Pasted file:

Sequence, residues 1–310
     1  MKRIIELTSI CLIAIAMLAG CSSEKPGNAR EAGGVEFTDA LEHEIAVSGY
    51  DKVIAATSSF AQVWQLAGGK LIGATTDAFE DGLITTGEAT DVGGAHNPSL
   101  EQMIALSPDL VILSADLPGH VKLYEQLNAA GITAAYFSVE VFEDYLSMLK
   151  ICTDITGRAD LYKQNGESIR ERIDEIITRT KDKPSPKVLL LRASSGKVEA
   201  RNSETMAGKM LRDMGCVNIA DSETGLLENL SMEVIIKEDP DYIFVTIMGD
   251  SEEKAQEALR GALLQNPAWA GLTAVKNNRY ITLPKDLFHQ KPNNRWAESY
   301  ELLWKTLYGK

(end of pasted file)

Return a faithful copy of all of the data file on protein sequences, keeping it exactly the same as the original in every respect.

Sequence, residues 1–310
     1  MKRIIELTSI CLIAIAMLAG CSSEKPGNAR EAGGVEFTDA LEHEIAVSGY
    51  DKVIAATSSF AQVWQLAGGK LIGATTDAFE DGLITTGEAT DVGGAHNPSL
   101  EQMIALSPDL VILSADLPGH VKLYEQLNAA GITAAYFSVE VFEDYLSMLK
   151  ICTDITGRAD LYKQNGESIR ERIDEIITRT KDKPSPKVLL LRASSGKVEA
   201  RNSETMAGKM LRDMGCVNIA DSETGLLENL SMEVIIKEDP DYIFVTIMGD
   251  SEEKAQEALR GALLQNPAWA GLTAVKNNRY ITLPKDLFHQ KPNNRWAESY
   301  ELLWKTLYGK